I got the idea for this blog from Dan Gillmor, a journalist who over the past few years has been documenting and encouraging the “citizen journalism” movement online. He gave an inspiring presentation at the Digital Library Federation’s forum earlier this month on some of the work being done by amateurs and professionals to gather, analyze, and spread news around the world using the powerful, easy-to-use tools provided by blogs and other online communication technology.
The technology is essential for enabling this kind of activity broadly, but the true value comes from what many people have been inspired to do with the technology. “Citizen journalism” isn’t a pretentious synonym for “blogging”. Rather, it describes ways in which ordinary people provide news, analysis and commentary to the community at large, using relevant journalistic principles, but outside established, professional media channels. The blog is one common medium that now makes this work easier, but it’s not the only medium for the work.
Collectively, citizen journalists cover many beats that the traditional media do not and cannot, due to limited time, resources, and interest. Through the Internet they can reach any other online reader who finds their work of interest. They aren’t limited to readers who live in a limited area or who pay for a subscription to their service. They do not replace professional journalists (though they may be threatening to some of them). Rather, savvy journalists and news organizations find ways to improve their own work by building on the work of their non-professional colleagues.
It occurred to me that a lot of what I’ve observed and encouraged online for the past fifteen years could, along similar lines, be characterized as “citizen librarianship”. The term’s not new; it’s been used, for instance, in discussions on rebuilding New Orleans. The practice it describes goes back considerably further than that: Lots of people, inside and outside of established library organizations, have been collecting, describing, organizing, making accessible, helping people find and use, and preserving information of all kinds. They’re serving constituencies that are potentially much larger than that of any purely physical library. It’s becoming increasingly easy for people to do this work online, with the various digital tools that are available or in development. And collectively, these citizen librarians have the potential to provide much more in the way of both collections and services than professional librarians can on their own.
I’m not claiming that everyone who uploads their pictures to Flickr or tags some web sites in del.icio.us is a librarian, any more than everyone who blogs is a journalist. But the more that people adopt principled methods for collecting, describing, and doing all the other things I list above with information, as a service for their communities, the more they’re acting as librarians. And the more the things they build function as libraries.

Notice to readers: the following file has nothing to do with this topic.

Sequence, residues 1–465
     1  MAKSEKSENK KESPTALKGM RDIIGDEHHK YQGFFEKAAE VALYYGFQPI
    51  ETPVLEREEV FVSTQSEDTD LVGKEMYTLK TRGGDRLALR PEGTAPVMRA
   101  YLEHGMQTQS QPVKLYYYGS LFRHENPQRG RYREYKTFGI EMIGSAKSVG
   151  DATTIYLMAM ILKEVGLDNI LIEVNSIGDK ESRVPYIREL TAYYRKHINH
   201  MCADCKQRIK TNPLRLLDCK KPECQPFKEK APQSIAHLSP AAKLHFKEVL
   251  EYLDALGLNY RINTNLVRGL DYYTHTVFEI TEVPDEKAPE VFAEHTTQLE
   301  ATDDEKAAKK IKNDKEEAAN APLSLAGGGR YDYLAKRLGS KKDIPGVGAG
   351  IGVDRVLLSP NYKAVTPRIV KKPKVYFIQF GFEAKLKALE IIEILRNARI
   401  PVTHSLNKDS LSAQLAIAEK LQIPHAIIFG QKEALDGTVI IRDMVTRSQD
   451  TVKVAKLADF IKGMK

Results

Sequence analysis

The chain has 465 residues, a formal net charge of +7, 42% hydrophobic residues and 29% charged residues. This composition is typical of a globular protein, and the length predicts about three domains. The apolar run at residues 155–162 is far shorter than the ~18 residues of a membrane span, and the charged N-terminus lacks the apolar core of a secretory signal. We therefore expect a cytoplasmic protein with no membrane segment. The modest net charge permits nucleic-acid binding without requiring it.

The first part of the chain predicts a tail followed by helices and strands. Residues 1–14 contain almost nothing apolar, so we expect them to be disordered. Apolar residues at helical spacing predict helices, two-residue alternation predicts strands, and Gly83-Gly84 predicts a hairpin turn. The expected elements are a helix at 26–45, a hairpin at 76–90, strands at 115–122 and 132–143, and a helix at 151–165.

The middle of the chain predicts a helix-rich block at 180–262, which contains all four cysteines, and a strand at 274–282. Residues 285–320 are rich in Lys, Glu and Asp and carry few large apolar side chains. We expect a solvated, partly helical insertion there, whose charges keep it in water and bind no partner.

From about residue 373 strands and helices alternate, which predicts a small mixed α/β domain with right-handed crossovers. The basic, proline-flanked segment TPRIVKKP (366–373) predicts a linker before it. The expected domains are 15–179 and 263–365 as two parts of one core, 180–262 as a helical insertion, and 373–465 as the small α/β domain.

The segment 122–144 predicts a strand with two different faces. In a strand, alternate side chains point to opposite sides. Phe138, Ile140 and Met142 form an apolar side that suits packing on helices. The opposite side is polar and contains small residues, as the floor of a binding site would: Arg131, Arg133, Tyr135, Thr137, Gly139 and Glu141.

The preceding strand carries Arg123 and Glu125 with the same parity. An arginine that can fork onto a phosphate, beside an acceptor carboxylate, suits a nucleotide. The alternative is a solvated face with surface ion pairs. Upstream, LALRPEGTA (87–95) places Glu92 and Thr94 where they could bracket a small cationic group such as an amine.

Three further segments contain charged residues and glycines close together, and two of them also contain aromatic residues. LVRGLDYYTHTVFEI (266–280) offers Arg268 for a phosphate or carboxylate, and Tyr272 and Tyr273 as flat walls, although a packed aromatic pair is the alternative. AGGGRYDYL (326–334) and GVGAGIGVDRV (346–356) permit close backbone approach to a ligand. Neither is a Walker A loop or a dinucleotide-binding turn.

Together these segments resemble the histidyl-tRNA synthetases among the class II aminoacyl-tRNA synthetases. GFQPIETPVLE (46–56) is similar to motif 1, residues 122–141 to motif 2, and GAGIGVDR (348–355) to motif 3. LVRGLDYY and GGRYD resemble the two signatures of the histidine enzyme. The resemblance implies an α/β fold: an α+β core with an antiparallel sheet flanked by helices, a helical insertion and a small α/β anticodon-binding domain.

It’s not just individuals, of course, that are creating these new libraries and library-like services. Big corporations are doing it too (sometimes to much publicity). And many non-profit organizations, including many established libraries, are putting up new libraries and library services online. Many of these new sites, though, are still powered largely by the particular individuals who thought them up, or by lots of independent individuals that collectively build them up.
All this activity has seriously disrupted libraries, and disrupted the way that many library constituents perceive them. In some circles, there’s been notable pessimism and concern that libraries may now be obsolete. The new libraries and services may be threatening to some librarians and libraries that don’t adapt, just as bloggers may threaten the livelihood of some news purveyors that don’t adapt. But I believe that savvy library professionals can and will find ways to improve the services they offer by building on the work of their non-professional colleagues. Going the other way, I believe that the “citizen” and other non-professional librarians can increase the usefulness of their collections and services through adopting principles and practices that librarians have developed over the years. And I think there’s a lot more that people in both camps can do to share their work and expertise.
Or, to put it another way, the future of libraries, if they are to best serve their communities, must include understanding and building up “everybody’s libraries”. And here I mean “everybody’s libraries” both as a collective group, and as a concept. I’ll explain what I mean by the concept, which I’ve chosen to title this blog, in Part 2.